Germany faces coalition conundrum

Dr Oliver Hartwich
27 September, 2021

Germany has voted. The result is not an earthquake, but a landslide. A change of power is looming after 16 years of Christian Democrat-led federal governments.

MMP electoral systems can take longer for a new coalition government to emerge. New Zealanders understand this better than others. This is precisely the difficulty Germany is facing right now.

The centre-right CDU/CSU alliance and centre-left SPD are almost tied with around 25 percent of the vote. Despite gaining over 14 percent, the Green Party is still far off from their ambitious goals. Both the liberal FDP and the right-wing populist AfD manage around 11 percent, while the post-communist Die Linke is narrowly back in parliament with 5 percent of the vote.

Creating coalitions in a situation like this is challenging. Yet, there are many possibilities for government formation. However, all coalition combinations suffer from the fact they are at best marriages of convenience.

It seems likely that the Social Democrats will lead the next federal government. Olaf Scholz, the party’s top candidate, lifted the SPD from 15 percent only a few months ago to 25 percent after a strong campaign. Scholz’s success is primarily a result of his own personal qualities, since voter surveys show his personality helped tilt the scales.

The problem for Scholz is that he needs both the Greens and the Liberals to form a parliamentary majority. As a coalition partner of the Social Democrats, the Greens are a natural fit.

The position of the liberal FDP is quite different. Tax cuts and balanced budgets are their key demands, which are anathema to the ideas of the SPD and the Greens. To translate it into New Zealand terms, it would be a coalition of Labour, Greens and ACT. If that is difficult to envision here, the same holds true in Germany.

Meanwhile, there is a mirror-image issue for the Christian Democrats. The Liberals are the natural partner for the CDU/CSU, just as in New Zealand National and ACT form a bloc. But the CDU’s candidate for chancellor, Armin Laschet, would have to win over the Greens to gain a majority. Before the election, the Greens’ top candidate, Annalena Baerbock, had already stated where she would like to see the CDU: in opposition.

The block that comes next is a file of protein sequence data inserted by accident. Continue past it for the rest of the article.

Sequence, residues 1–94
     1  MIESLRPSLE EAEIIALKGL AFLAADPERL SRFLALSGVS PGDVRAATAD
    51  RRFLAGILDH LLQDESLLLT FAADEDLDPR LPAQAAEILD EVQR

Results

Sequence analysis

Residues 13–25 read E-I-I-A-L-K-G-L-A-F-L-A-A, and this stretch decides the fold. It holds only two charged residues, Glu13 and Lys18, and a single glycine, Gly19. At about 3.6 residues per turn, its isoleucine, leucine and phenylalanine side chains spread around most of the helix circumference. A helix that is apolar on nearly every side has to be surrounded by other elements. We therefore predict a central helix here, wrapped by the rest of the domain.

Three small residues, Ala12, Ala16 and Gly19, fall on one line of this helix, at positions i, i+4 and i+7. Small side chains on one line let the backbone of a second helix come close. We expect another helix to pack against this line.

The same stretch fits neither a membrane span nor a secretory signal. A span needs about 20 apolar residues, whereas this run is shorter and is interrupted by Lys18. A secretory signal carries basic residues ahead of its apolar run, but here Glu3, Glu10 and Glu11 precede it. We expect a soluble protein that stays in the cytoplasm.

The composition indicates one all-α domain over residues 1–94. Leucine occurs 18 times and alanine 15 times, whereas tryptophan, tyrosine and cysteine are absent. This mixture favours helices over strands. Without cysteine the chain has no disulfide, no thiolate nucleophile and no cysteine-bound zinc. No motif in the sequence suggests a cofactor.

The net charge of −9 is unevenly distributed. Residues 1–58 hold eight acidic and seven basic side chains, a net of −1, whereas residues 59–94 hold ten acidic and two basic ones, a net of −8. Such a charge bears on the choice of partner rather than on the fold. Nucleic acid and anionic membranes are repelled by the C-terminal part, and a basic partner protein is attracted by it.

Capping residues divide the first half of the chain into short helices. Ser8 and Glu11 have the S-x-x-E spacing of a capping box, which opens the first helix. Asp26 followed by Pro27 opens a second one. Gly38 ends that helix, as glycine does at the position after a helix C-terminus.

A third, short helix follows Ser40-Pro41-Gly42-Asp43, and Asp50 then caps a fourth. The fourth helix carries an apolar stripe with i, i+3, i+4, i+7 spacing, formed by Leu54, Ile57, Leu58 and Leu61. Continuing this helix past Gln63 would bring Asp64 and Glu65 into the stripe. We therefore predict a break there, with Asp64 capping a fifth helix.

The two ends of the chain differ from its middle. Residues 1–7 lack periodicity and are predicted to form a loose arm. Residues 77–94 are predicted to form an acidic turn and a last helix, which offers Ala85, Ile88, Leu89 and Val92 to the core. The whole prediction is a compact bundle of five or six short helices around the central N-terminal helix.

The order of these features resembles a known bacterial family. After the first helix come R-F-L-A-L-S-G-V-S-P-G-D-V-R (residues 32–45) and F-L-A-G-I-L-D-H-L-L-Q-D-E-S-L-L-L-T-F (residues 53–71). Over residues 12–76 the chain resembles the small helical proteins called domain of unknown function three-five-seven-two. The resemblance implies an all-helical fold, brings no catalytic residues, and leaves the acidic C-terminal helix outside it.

Therefore, forming a coalition is equally difficult for both major parties. Remember that after the last election in 2017, the CDU/CSU, Greens and FDP already tried to form a coalition – but failed.

Frank-Walter Steinmeier, the Federal President, intervened at that point to insist on the continuation of the so-called “grand” coalition of Christian Democrats and Social Democrats (the equivalent of a coalition between National and Labour in New Zealand). The Social Democrats did not want to do this but could not resist the pressure from the head of state.

Will this happen again if no coalition is formed? The possibility is not completely out of the question, but it is less likely than four years ago. The balance of power has shifted this time, so the existing ‘grand’ coalition is not the most likely outcome. This time, the Social Democrats are narrowly ahead of the CDU/CSU, whereas they were much weaker in 2017.